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Fears raised over Welsh language education funding in Powys

Mid Wales | Education | Published:

Fears have been raised that Welsh language education in Powys will lose out as it is not part of the new schools’ funding formula.

During a meeting of the Learning Skills and Economy Scrutiny Committee, which looked again at the funding formula, Plaid Cymru county councillor for Llanwddyn, Bryn Davies, raised his concerns.

But he was told by Director of Education, Ian Budd, and portfolio holder, councillor Myfanwy Alexander, that his arguments should be part of a different discussion.

Funding Review Group (FRG) chairman and school governor Graham Taylor said that the group had not discussed language as part of the review.

According to the department the new formula gives children their educational offer under the current structure.

Any education policy change such as the Welsh in Education Strategic Plan will change that provision for the future.

Part of this plan is to build a new Welsh Medium School in Newtown in the next five years.

Councillor Davies said: “This just argues for the status quo.

“Unless we change the nature of education in line with the (Welsh) Government’s expectation we will never increase the number of Welsh speakers. This is supposed to be an aspiration for Powys.”

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He added: “We have relied upon central grant funding to maintain the “trochi” (immersion) streams in our secondary schools.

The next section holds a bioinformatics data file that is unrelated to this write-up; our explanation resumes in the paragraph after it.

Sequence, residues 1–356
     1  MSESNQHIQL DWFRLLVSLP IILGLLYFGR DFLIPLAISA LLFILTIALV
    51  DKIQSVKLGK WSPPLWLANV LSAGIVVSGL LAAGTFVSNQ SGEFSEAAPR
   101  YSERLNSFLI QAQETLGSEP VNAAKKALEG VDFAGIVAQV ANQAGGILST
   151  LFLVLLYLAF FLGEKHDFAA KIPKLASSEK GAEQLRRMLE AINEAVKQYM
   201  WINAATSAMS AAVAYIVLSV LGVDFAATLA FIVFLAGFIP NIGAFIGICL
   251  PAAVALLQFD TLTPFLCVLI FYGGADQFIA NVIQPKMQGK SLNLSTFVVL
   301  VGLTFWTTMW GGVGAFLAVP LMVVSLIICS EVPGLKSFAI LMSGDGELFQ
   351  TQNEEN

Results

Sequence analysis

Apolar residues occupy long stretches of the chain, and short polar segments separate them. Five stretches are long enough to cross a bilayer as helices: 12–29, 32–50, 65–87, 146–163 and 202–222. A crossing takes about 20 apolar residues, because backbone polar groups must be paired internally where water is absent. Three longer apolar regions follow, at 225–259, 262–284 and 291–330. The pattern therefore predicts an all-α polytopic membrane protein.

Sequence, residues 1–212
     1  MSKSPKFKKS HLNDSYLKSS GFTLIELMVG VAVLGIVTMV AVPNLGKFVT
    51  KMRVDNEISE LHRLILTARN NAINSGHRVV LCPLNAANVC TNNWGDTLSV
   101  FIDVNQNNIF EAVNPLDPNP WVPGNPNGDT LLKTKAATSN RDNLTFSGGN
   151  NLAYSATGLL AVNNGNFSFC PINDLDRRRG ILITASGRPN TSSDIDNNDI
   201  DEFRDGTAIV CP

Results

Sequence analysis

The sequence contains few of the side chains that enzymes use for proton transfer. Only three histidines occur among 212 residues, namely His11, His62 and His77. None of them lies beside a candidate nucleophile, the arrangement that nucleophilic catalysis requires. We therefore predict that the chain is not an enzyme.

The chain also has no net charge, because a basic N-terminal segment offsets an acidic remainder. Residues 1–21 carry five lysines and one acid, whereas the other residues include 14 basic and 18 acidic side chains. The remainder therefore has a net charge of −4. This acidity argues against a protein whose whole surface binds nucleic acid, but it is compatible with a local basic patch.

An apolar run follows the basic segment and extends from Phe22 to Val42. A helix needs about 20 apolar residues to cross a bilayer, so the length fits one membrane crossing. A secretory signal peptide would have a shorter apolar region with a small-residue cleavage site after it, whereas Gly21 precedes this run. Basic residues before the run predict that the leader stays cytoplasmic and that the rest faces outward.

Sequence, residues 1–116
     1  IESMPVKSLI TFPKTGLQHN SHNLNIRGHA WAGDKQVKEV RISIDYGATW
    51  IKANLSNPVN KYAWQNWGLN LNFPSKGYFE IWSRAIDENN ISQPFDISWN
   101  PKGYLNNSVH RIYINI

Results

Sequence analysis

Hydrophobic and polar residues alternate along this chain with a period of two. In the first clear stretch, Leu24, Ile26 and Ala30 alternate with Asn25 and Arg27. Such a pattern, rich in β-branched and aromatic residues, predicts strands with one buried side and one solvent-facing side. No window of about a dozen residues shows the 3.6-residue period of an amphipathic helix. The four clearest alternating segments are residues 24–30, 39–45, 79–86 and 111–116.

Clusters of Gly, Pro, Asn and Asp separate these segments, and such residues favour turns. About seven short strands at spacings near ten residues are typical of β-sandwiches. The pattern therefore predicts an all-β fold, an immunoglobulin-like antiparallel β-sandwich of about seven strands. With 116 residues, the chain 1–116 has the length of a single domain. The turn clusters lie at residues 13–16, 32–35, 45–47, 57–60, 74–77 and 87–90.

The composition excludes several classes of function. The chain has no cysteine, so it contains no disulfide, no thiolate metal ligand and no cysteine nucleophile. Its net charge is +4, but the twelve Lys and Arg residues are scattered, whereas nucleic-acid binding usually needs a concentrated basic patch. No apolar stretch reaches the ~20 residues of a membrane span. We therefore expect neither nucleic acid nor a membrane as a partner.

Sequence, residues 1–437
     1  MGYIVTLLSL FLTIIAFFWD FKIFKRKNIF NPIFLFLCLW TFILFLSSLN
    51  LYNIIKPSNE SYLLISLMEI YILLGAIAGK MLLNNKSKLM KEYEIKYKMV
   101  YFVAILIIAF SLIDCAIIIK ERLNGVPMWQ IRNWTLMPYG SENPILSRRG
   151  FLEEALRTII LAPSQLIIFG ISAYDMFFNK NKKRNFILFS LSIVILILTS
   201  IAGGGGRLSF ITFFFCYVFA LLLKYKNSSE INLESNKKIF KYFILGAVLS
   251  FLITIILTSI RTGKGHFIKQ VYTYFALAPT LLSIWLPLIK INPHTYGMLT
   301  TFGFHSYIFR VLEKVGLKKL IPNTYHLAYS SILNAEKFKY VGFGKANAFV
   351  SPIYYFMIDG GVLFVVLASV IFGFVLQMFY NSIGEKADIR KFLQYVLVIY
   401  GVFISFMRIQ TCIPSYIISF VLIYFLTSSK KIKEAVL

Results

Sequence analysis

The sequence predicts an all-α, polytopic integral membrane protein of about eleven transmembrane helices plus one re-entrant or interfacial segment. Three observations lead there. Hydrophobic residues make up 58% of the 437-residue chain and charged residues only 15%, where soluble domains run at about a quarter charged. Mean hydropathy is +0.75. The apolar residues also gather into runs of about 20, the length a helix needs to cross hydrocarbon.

“Despite their success they have been closed

“It’s very important that this core funding includes ‘trochi’ in high schools.

“I want to discuss this in more depth with the department soon.”

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Mr Budd replied: “The model of trochi is one that is deploying staff where individual children need that support.

“It’s not that we have such large numbers at present that we have centralised places in all parts of the county.

“We’re much more mobile and when a child expresses that need, we can support that individual in the school.

“I don’t think it should be part of the core funding formula.”

Councillor Alexander said: “The problem we have is that we don’t tend to have 20 people in one high school that need support. We’re trying to provide flexible support.

“You could have one family in Machynlleth and a family moving in to the Builth (Wells) area. If we had a unit, the problem would be that it would support one family more than the other (being geographically closer).

“If it’s part of the base budget, if children move from that unit, then the funding would be lost.”

Coucillor Davies said that he was continually “surprised and shocked” at the lack of ambition PCC was showing on the Welsh Language.

The funding formula, along with the scrutiny committee’s advice, will now go to cabinet for a decision on Tuesday, January 15. It is expected to come into force from April .

In June 2018, the Cabinet was forced to agree deficit budgets for schools in the red.

Story by Elgan Hearn - Local Democracy Reporter

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